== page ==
Abstract # 941:

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B. J. Kelly1,2 and M. A. Novak1,2
1Neuroscience and Behavior Graduate Program, University of Massachusetts, Amherst, MA 01003, USA, 2Psychology Department, University of Massachusetts, Amherst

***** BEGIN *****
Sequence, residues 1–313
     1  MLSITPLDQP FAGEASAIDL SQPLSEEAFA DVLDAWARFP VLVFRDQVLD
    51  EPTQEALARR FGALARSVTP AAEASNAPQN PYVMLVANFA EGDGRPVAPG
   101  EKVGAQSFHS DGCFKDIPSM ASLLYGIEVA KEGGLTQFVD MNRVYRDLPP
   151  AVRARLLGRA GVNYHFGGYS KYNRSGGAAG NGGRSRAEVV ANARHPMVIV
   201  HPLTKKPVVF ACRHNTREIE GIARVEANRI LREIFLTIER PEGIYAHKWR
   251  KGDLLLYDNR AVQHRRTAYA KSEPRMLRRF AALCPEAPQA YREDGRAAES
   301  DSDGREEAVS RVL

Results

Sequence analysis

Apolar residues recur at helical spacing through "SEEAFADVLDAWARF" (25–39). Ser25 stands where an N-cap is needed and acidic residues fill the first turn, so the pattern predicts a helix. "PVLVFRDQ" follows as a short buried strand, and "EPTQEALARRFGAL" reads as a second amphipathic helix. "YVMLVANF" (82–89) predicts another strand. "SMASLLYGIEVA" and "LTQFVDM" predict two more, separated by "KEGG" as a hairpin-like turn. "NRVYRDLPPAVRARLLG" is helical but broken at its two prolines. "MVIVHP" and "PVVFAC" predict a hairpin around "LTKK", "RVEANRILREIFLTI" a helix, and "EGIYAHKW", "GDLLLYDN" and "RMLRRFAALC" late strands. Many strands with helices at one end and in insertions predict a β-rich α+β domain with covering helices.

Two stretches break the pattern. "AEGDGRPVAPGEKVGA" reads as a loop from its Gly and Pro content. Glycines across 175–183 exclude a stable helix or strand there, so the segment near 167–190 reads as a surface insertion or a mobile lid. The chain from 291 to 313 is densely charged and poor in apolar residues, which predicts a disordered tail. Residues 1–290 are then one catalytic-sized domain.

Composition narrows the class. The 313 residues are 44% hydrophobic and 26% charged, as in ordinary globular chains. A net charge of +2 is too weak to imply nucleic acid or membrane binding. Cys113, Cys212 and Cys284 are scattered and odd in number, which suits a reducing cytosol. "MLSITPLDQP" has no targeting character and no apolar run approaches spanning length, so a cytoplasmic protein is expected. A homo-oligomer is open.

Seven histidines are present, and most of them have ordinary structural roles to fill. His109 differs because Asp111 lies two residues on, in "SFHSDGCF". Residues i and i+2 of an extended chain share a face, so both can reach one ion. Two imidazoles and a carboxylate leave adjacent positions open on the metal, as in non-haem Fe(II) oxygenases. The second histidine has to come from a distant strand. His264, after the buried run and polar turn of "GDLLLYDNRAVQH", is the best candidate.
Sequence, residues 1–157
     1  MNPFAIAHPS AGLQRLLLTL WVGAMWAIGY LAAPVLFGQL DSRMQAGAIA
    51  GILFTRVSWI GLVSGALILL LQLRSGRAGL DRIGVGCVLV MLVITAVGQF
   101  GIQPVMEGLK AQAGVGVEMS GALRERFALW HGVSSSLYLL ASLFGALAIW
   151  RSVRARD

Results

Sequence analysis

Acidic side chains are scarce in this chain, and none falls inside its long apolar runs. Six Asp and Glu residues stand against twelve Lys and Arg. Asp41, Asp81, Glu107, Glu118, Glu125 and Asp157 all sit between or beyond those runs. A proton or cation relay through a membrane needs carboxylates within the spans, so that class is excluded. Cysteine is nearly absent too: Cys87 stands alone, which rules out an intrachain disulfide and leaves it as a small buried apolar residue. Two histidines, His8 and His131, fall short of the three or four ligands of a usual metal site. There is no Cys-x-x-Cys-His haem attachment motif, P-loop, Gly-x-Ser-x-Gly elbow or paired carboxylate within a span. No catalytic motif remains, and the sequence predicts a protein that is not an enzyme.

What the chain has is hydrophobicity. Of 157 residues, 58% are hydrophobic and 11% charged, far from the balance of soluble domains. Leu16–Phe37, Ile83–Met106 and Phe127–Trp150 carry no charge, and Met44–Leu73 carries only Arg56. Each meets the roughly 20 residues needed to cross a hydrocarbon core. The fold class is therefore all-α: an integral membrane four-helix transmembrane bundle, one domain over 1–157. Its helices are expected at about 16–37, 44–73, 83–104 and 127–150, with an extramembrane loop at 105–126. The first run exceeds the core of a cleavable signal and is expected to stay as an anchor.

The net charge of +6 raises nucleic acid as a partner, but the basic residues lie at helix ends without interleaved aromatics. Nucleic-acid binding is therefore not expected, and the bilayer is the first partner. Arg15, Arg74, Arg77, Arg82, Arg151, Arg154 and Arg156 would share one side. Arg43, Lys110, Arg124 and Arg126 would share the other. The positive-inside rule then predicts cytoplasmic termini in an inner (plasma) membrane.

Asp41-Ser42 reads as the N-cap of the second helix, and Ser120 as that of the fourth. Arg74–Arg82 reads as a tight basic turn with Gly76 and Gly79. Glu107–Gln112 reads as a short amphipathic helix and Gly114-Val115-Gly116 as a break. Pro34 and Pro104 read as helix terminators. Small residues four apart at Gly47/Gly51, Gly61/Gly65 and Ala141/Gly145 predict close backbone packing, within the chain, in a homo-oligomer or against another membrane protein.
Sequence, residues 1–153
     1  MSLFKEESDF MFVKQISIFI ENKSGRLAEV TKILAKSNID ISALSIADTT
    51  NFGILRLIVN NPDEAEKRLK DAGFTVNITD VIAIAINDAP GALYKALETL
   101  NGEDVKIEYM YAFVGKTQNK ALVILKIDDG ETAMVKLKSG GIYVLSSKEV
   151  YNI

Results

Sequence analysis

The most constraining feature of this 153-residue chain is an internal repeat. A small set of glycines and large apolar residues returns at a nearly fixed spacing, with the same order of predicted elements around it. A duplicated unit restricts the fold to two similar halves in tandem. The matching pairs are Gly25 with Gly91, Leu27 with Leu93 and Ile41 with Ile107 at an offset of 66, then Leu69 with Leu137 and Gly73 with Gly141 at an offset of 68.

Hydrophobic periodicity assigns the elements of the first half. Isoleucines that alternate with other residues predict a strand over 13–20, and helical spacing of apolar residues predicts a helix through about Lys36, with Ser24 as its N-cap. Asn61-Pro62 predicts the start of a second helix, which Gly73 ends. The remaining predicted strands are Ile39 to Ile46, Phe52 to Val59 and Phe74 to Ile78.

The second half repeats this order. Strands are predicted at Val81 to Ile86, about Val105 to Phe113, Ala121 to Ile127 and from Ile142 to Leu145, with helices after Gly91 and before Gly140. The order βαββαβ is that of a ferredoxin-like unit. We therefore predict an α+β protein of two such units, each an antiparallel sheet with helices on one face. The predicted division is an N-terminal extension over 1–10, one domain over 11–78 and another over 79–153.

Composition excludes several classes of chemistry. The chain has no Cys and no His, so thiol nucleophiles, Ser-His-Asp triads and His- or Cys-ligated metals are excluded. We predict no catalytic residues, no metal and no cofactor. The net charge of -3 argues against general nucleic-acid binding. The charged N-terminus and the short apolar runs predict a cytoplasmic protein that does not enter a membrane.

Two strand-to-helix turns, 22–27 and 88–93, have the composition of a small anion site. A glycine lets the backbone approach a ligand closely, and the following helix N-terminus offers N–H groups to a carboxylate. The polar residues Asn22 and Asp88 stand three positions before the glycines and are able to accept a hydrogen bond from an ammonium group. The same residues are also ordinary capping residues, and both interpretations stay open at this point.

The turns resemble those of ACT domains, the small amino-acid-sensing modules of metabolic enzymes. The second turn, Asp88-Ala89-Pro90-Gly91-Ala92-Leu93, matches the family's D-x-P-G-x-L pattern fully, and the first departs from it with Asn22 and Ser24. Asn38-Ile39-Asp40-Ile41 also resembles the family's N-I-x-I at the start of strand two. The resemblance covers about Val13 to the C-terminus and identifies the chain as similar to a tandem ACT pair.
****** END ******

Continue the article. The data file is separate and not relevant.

One type of mental representation is the ability to transfer knowledge from a scale model to its larger referent. This ability has been observed in three-year-old children and chimpanzees, but little is known about its presence in Old World monkeys. In this study, rhesus monkeys (n = 3) were tested on a scale-model task. Subjects were trained to locate a uniquely colored ball hidden behind one of four doors on a rollaway apparatus measuring .9m x 1.52m. The monkeys then viewed a 1:4 scale model of the apparatus, which showed the location of the four colored balls. Each subject then had to find its colored ball in the larger apparatus on the first search attempt. After 16 trials, subjects demonstrated little comprehension of the task. Subsequently, doors were made distinct to facilitate task acquisition. Memory was also evaluated by determining whether monkeys recalled the initial hiding location on the model. Transfers from the large apparatus to the small model were also tested. After an additional twenty trials per transfer, one subject continued to perform at chance level (25%) on both tasks. One subject performed above chance on the model-to-referent task (P < 0.05), and the remaining subject performed above chance on the full-scale to model task (P < 0.05). These data suggest that some monkeys do have the ability to transfer information from a scale-model to its full-scale referent.